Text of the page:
- The future of global music is African
- The new CEOs on the block in 2023
- The new US defense bill includes a budget for music diplomacy
5 GREAT STORIES FROM ELSEWHERE
💨 POOF! In 2022, billionaires lost $1.7 trillion in wealth. Most of the wipeout had to do with fraud, war, or Musk-style clownery. However, not everyone in the jet set had a bad year. India’s Gautam Adani leapt over Bill Gates and Warren Buffet on the rich list, and sports franchises continued to score. Bloomberg goes month-by-month through the financial throes of the 0.0001%, including the falling fortunes of several tech moguls, the cohort that took the biggest hit.
🎨 Color everlasting. When it comes to making colors, British zoologist Andrew Parker sees pigments and dyes as a thing of the past. Instead, he’s a believer in “structural color,” a method of producing hues that arranges nanostructures to reflect different wavelengths of light. Smithsonian narrates the story of how this $36 billion industry may revolutionize how we paint everything from cars to planes, and ensure their color never fades.
🤖 AI in Ed. “Riiid” is a South Korean startup integrating AI with education. The company has already seen success in the Asian test prep space for standardized English-language assessments, and is now poised to enter the US market for SAT and ACT prep. Although AI tutors can be helpful in the classroom, the New York Times reports, they also require the collection of student data, raising privacy concerns.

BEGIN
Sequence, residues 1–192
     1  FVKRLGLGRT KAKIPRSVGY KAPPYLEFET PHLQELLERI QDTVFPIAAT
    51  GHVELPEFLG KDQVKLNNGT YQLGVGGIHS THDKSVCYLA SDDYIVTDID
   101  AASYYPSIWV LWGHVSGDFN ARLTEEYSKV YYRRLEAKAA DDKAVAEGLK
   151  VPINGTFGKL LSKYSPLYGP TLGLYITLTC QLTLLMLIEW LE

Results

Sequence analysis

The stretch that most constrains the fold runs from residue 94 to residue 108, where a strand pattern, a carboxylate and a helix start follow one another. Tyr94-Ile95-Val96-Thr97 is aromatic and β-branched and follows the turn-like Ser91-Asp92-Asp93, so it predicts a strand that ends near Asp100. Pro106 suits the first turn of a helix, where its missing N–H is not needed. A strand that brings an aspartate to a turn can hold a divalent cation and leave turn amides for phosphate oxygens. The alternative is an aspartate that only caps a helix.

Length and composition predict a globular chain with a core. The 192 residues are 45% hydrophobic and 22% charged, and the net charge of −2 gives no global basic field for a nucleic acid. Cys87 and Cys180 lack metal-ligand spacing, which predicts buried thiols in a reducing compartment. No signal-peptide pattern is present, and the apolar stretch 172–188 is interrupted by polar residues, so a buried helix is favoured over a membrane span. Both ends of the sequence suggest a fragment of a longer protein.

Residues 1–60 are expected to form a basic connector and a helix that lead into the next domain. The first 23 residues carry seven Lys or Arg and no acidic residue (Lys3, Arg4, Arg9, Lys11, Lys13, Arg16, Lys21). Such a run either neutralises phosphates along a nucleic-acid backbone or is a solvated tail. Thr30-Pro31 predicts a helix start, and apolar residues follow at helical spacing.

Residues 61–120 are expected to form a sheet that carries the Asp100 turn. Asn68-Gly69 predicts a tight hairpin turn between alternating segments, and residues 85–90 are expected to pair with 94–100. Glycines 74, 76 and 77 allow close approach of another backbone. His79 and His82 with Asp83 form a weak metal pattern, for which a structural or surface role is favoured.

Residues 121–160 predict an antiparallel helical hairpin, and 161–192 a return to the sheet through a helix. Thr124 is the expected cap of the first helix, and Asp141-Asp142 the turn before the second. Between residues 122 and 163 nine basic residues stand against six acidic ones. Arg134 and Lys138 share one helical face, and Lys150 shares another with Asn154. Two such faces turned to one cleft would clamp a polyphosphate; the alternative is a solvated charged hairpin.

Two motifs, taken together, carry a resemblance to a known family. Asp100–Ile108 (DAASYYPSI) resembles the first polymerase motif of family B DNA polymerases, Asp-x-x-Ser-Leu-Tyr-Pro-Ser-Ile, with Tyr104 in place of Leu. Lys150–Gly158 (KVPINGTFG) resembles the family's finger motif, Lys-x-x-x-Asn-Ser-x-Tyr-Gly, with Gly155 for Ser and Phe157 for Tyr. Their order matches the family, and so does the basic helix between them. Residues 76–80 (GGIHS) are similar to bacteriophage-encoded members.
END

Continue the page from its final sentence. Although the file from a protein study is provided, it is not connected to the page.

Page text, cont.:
🇮🇩 Off the pitch. Indonesia, the fourth-largest country in the world and a rising economic powerhouse, has yet to produce a competitive soccer team; in fact, the nation hasn’t made the World Cup since 1938. But it’s not for a want of talent. The Diplomat explains how politics and corruption have plagued the Indonesian Football Association (PSSI) for decades. Now, with calls for a “complete overhaul” of the institution, the team might finally have a shot.
👃 Smells like travel. From Museum Ulm’s “Follow Your Nose” exhibition, in which you can take a whiff of a 16th-century painting, to Paris’s soon-to-launch “olfactory tours,” the worlds of art and tourism are increasingly incorporating scent into experiences. National Geographic sniffs out the story on “smellscapes,” and why the sense closest linked to memory might be the perfect way to enhance our understanding of art and history.
Thanks for reading! And don’t hesitate to reach out with comments, questions, or topics you want to know more about.
Have a banger of a weekend and a 2023 as clear and shining as crystal,
— Nate DiCamillo, reporter; Tiffany Ap, reporter; Niharika Sharma, reporter; Aurora Almendral, senior reporter; and Clarisa Diaz, reporter.
Additional contributions by Julia Malleck and Samanth Subramanian